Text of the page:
- The Overland Campaign
- The Battle of the Wilderness (Days One and Two)
- The Battle of the Wilderness (Day Three)
- The Battle of Spotsylvania (Part 1)
- The Battle of Spotsylvania (Part 2): The Mule Shoe Salient
- Return to the Mule Shoe Salient: The Battle of Spotsylvania (Part 3)
- The Battle of Spotsylvania (Part 4): The Final Maneuvers
- The Battle Of Yellow Tavern
- The Battle of North Anna
- The Battle of Bethesda Church
- The Battle of Cold Harbor
- The Battle of Saint Mary’s Church
- The Results of the Overland Campaign
- Clark Mountain: Robert E. Lee’s Lookout Post
Grant’s Virginia Strategy
The Overland Campaign was Ulysses S. Grant’s initial campaign against the Confederates in central Virginia. The Overland Campaign included a series of interlinked battles that began in early May 1864 at the Wilderness and concluded at Saint Mary’s Church outside of Richmond in late June. There were at least 14 major and minor engagements during this time span. Some were combined arms battles; others were cavalry battles, such as Yellow Tavern where J.E.B. Stuart was mortally wounded. Grant had two goals during the Overland Campaign: bleed Lee’s army and force him back to Richmond. He accomplished both.
Grant planned a three-pronged strategy that was meant to converge on Lee’s army and destroy it. Butler’s force was to march up the James River from Fortress Monroe in support of the main army. His goal was to force the Confederates back along the river and into their entrenchments around Richmond.
Sigel in the Shenandoah Valley was to drive south and prevent the Confederate force under Breckinridge from reinforcing Lee. At the same time a victory in the Valley would cut off vital supplies to the Army of Northern Virginia.
Ambrose Burnside’s IX Corps had been attached to Grant’s headquarters and not under Meade. Burnside outranked Meade so in order to avoid a difficult situation between the two; Grant attached the IX Corps to his own headquarters and commanded it through Burnside. It was to have some interesting consequences.
The Army of the Potomac would cross the Rapidan River using fords and pontoon bridges and move against Lee’s force.
Simple and to the point. Find the enemy, fix him in place and destroy him. It would be easier said than done.
On May 3-4, 1863 the great Federal advance began in the East with Sherman’s advance beginning two days later in the West.
First Stages of the Federal Plan
The Wilderness of Virginia was a large area of dense woods, ground vegetation and narrow gullies that stretched along the south bank of the Rappahannock River west of Fredericksburg. An expanse 12 miles long and 6 miles wide it was criss-crossed by narrow dirt roads that were used by logging companies. The best roads ran west to east. The narrow avenues available for movement would nullify the numerical advantage of the Federal forces. The last thing that anyone on the Federal side wanted was to fight a battle in this wasteland. It had been tried once before at Chancellorsville to the regret of Joe Hooker.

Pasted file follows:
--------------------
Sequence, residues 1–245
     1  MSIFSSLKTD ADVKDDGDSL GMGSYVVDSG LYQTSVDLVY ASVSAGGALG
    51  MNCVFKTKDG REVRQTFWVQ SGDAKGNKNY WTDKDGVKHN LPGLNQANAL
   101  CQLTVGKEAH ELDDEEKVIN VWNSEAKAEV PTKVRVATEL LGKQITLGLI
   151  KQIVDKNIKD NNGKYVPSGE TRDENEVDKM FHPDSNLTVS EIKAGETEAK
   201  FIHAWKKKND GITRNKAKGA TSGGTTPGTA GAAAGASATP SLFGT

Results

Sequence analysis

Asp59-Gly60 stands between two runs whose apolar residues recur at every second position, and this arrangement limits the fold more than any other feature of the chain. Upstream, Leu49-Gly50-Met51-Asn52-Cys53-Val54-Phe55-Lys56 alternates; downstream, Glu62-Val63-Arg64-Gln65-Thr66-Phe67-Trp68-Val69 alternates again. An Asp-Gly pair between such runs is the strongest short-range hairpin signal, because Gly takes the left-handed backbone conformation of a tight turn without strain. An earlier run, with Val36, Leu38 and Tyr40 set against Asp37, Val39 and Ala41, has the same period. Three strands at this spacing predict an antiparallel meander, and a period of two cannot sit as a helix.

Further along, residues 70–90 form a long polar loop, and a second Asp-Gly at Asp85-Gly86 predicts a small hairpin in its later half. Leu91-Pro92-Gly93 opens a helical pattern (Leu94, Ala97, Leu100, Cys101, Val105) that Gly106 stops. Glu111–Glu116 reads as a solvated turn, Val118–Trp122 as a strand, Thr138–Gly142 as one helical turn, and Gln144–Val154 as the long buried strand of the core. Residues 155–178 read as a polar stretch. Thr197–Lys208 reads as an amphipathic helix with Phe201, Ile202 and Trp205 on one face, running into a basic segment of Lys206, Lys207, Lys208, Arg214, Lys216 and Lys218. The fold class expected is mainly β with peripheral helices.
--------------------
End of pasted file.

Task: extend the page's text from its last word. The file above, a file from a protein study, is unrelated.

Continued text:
The Army of the Potomac was a massive force numbering some 120,000 men. The supplies that would be needed for this campaign would fill 4,300 wagons. Both armies were divided similarly. Each had a number of Corps which were further divided into divisions. Divisions were divided into brigades, brigades into regiments, regiments into companies. However, there weren’t a prescribed number of men in any of these units.
Andrew Atkinson Humphreys was Meade chief of staff. It was his responsibility to turn Grant’s strategy into a logistical plan for the Army of the Potomac’s advance. In order to minimize confusion Humphreys split the army into two parallel columns. The western column consisted of Gouvernor Warren’s V Corps and John Sedgwick’s VI Corps. James Wilson’s 3rd Cavalry Division would lead the advance. This column would cross the Rapidan at Germanna Ford and march to Wilderness Tavern on the first day.
To the east there was a mixed force of David Gregg’s 2nd Cavalry Division followed by Winfield Hancock’s II Corps and the Federal Artillery Reserve. They would cross the Rapidan at Ely’s Ford and head to Chancellorsville.
Burnside’s IX Corps would cover the rear and screen the large supply train. All of this group would also cross at Ely’s Ford. The plan called for the army with its supply trains to be through the Wilderness by the end of the second day.
Humphreys’ plan called for the army to commence crossing in the early morning in order to minimize Confederate observations from Clark’s Mountain. Located along the southern side of the Rapidan River, Clark’s Mountain was a 1,100 foot peak with a commanding view of 20 Virginia counties. From this prominent position the Confederates could see almost everything that the Federal army was doing. Lee told one of the young Confederate observers to begin keeping a watch at night. Lee had a feeling that the hammer would fall soon.